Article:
While many call the fruit ‘saskatoon berries’, saskatoons are actually a pome fruit, like apples and pears. Stone fruits includes single pit fruit, such as peaches, plums, cherries, mangoes and almonds. Even with this difference, pome fruit and stone fruit have some common pests.
This referenced document is not a complete manual on how to handles pests, but whether you are new to this approach, or are still willing to learn more, a review of the document is likely to provide some seeds for further thought.
POSTED IN Uncategorized ON 6/29/2019
Here are a couple of recommendations from saskatoon growers to help reduce bird damage to otherwise harvestable saskatoon crops:
- Netting: After few years of significant bird loss, Jacques Orchards did a trial plot of bird netting last year. They were so pleased that they covered the orchard this year (adding the lesson learned about making sure that the netting touched the ground all the way around). This year things are looking very good. The photo below shows what they netting looks like. It can be removed for partial harvest, and then the bushes can be covered again until later in the season.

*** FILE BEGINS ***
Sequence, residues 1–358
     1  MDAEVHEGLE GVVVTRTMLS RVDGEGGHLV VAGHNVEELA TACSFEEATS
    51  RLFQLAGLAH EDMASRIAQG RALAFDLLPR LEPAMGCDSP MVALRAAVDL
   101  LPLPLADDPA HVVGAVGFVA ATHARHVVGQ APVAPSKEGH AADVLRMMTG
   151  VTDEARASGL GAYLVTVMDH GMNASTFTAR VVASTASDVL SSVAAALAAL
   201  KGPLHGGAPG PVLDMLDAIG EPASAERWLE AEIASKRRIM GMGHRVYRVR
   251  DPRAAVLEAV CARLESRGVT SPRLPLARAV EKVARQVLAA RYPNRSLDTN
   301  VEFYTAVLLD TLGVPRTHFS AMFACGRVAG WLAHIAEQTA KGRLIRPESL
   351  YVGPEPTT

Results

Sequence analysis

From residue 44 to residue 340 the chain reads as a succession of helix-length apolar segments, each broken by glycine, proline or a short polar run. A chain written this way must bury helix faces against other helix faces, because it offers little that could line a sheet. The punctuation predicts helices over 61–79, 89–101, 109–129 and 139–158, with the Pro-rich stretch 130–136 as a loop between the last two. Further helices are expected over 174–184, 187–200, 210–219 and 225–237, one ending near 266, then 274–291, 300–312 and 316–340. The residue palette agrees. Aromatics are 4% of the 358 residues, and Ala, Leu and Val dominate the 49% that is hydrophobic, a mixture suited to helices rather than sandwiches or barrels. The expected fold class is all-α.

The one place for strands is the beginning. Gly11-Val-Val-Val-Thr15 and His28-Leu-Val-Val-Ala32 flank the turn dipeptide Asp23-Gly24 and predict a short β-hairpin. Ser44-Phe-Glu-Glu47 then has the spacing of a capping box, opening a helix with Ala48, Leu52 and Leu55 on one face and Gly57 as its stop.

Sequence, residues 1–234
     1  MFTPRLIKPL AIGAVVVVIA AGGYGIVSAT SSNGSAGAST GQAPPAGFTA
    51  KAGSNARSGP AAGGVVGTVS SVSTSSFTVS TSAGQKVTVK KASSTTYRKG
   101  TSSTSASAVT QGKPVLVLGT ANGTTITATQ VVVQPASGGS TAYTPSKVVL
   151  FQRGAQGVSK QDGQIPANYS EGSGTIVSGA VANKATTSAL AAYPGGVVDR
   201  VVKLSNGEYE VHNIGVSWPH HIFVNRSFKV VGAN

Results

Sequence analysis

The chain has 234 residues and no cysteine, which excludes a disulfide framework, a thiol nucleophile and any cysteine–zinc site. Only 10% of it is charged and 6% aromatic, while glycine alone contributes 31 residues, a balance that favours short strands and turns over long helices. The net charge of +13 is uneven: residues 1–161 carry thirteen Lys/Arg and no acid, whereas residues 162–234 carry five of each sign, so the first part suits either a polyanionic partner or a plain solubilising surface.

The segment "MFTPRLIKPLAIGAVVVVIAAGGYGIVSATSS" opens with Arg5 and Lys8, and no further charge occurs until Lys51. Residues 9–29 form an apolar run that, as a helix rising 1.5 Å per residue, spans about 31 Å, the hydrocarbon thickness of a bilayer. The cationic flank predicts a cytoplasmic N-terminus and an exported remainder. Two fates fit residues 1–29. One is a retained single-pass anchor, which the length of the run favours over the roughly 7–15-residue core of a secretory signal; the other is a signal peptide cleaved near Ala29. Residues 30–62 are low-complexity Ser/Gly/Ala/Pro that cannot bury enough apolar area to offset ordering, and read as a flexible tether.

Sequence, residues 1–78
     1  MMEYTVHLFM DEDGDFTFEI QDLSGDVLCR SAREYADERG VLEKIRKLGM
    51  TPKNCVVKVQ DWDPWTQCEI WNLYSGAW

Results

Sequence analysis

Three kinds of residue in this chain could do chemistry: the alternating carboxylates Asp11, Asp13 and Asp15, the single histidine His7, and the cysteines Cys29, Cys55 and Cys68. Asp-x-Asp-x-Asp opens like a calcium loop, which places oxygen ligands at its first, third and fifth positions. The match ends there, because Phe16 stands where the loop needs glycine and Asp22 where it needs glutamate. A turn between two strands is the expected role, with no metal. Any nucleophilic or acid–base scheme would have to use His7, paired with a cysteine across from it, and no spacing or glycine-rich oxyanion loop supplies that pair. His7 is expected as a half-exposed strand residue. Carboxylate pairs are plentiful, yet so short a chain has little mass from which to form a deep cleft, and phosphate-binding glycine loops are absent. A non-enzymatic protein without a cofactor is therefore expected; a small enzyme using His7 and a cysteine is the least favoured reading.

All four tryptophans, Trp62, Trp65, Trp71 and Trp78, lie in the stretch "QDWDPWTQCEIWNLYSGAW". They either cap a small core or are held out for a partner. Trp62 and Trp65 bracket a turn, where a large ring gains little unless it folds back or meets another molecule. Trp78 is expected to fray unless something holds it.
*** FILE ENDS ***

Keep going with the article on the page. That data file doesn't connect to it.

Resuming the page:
2. Helpful Birds: Encouraging Kingbirds can be a great option. Kingbirds eat insects, but not much fruit, and they are scrappy, so often scare off other birds, including flocking birds, that want your saskatoons as their entree, over and over again.
There are 2 identified types of Kingbirds: western and eastern.
Learn more about Kingbirds at: https://www.allaboutbirds.org/guide/Western_Kingbird/overview
Kestrel Hawks are another option: https://www.allaboutbirds.org/guide/American_Kestrel
By providing an appropriate habitat, you may be able to entice these preferred neighbors.
POSTED IN For Consumers, For Growers, For Members ON 6/6/2019